It is the only way - at least for a country girl!

Saturday, August 30, 2008

He Needed Me . . .

It was 1977. I was 33 years too young. And living in a small, wood-fired cottage in the foothills above the Connecticut River Valley in Massachusetts.

It was a funny sort of house, you know. Built into the side of a hill with the living room, kitchen and den on the upper floor and the bedrooms, bath rooms and laundry on the ground floor. Sliding glass doors opened onto a deck and woods. We had enjoyed all the seasons there: days spent cross-country skiing from that deck right into the woods. Packing gorp. Oranges. Apples. Enough for a day of skiing and home to a slow-cooker that eased a comforting aroma throughout the house. Our skiis were the 'old fashioned' kind that needed waxing. A small frustration to most skiers but I loved the job of figuring out the exact wax for the right temp and snow/ice conditions.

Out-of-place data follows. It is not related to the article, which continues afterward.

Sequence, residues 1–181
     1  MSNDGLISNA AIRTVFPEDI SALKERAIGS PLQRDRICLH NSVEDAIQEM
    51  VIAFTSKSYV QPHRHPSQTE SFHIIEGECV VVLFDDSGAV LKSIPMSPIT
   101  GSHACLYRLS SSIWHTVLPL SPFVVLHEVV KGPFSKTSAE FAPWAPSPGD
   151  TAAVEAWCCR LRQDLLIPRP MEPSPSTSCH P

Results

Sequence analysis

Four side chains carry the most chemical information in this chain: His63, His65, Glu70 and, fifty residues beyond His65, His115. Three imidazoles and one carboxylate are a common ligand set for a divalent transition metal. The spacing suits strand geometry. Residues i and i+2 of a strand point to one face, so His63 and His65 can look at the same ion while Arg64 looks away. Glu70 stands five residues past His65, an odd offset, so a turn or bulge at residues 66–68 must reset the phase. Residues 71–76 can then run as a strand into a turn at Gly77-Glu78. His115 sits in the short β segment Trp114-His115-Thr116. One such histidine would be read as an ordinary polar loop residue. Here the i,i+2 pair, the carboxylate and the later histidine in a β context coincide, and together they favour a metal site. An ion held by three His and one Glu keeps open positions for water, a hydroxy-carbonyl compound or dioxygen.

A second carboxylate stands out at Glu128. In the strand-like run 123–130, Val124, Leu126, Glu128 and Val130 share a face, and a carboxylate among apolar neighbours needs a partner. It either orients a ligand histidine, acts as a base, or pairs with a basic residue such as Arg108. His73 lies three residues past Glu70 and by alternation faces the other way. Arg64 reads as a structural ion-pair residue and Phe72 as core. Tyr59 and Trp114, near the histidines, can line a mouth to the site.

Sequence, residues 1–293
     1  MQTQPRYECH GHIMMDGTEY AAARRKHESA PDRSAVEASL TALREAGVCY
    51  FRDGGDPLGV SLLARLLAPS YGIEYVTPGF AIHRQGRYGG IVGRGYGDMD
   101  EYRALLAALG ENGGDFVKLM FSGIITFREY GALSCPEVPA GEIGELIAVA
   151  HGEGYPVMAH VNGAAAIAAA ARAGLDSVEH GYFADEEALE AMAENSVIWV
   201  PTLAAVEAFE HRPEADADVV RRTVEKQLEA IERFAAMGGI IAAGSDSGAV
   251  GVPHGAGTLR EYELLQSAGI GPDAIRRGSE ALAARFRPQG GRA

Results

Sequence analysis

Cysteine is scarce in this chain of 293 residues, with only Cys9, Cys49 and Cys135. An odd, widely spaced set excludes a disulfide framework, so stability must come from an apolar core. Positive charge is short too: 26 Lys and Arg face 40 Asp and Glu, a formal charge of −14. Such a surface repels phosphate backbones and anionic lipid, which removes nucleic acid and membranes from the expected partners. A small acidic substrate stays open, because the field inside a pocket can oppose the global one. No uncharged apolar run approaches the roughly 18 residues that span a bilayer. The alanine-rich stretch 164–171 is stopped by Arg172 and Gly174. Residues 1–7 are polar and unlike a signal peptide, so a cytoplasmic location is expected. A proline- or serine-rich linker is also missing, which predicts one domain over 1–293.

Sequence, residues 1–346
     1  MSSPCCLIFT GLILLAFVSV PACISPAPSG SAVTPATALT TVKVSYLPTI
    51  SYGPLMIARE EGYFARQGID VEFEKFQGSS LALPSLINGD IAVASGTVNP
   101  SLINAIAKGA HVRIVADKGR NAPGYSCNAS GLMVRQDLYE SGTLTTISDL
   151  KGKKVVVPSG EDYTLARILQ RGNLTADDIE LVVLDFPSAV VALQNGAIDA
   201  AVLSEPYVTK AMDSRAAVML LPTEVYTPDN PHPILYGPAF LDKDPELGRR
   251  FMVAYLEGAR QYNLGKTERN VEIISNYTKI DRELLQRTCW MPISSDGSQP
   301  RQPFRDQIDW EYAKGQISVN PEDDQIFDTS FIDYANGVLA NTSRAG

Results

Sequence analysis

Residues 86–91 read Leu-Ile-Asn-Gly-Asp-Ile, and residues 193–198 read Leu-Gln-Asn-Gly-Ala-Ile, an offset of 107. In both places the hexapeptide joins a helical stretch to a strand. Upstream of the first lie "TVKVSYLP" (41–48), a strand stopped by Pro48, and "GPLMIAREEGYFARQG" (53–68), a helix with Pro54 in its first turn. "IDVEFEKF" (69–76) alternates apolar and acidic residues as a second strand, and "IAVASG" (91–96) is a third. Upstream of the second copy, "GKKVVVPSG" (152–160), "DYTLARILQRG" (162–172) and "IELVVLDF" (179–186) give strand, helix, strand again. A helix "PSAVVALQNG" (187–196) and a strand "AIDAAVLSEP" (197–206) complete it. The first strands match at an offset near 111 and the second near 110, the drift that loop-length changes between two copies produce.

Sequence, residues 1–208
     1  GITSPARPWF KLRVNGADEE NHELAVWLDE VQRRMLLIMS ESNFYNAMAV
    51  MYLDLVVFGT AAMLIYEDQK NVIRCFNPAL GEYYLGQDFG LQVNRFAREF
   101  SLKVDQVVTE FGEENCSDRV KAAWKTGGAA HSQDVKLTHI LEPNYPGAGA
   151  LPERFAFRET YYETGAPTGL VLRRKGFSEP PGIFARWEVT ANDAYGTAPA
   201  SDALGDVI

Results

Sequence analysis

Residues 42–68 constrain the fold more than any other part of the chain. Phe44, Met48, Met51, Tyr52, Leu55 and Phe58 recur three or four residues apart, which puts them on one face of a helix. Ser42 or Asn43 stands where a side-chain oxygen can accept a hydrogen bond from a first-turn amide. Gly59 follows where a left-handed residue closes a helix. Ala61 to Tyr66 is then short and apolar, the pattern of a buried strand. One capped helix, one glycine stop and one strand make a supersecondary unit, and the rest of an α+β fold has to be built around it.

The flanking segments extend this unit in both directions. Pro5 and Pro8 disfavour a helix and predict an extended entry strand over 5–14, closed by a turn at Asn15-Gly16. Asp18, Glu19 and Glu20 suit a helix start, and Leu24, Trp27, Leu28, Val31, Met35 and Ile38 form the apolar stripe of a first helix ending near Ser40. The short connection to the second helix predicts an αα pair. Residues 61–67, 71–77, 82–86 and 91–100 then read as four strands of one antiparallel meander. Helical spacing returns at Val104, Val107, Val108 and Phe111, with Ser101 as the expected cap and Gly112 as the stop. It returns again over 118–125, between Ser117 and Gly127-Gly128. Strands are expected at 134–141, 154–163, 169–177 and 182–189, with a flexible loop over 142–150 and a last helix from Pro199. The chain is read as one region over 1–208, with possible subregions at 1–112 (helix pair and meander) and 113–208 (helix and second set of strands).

But that funny house was for sale in August of that year.

Dick my heart. My husband. The love of my life had gone to Ohio to begin a new job for a new corporation called, Guardian Unlimited, that was to be a moving force in 'cleaning' up an emptying the state institution in Columbus. Amy, my first child. My beautiful daughter just 12 years old had flown to Ohio to be with her dad when the new school year started. We had always lived in small villages and towns; in Ohio Amy would be in a large urban school and we were concerned. Starting school on the first day seemed to be the best plan so I bought an airline ticket from Hartford CT to Columbus Ohio for her. She and Dick would be staying with friends, also recent transplants from Massachusetts to Ohio until we sold our house in Massachusetts and our new house in Columbus was ready.

Really, this had been a very strange summer. Not at all typical. In June, Amy, 12 and Shelly, 15 flew by TWA from Boston to Los Angeles to spend two weeks with a favorite great aunt 'Nita. Amy was barely home when Dick left for the long drive to Columbus and the start of a new career. The morning he left, his car packed for the long trip, I stood at the door to say, 'goodbye'. I was overwhelmed by the thought that I would never see him again. More than a 'thought', it was an all-encompassing feeling, a sudden knowledge of 'alone-ness'.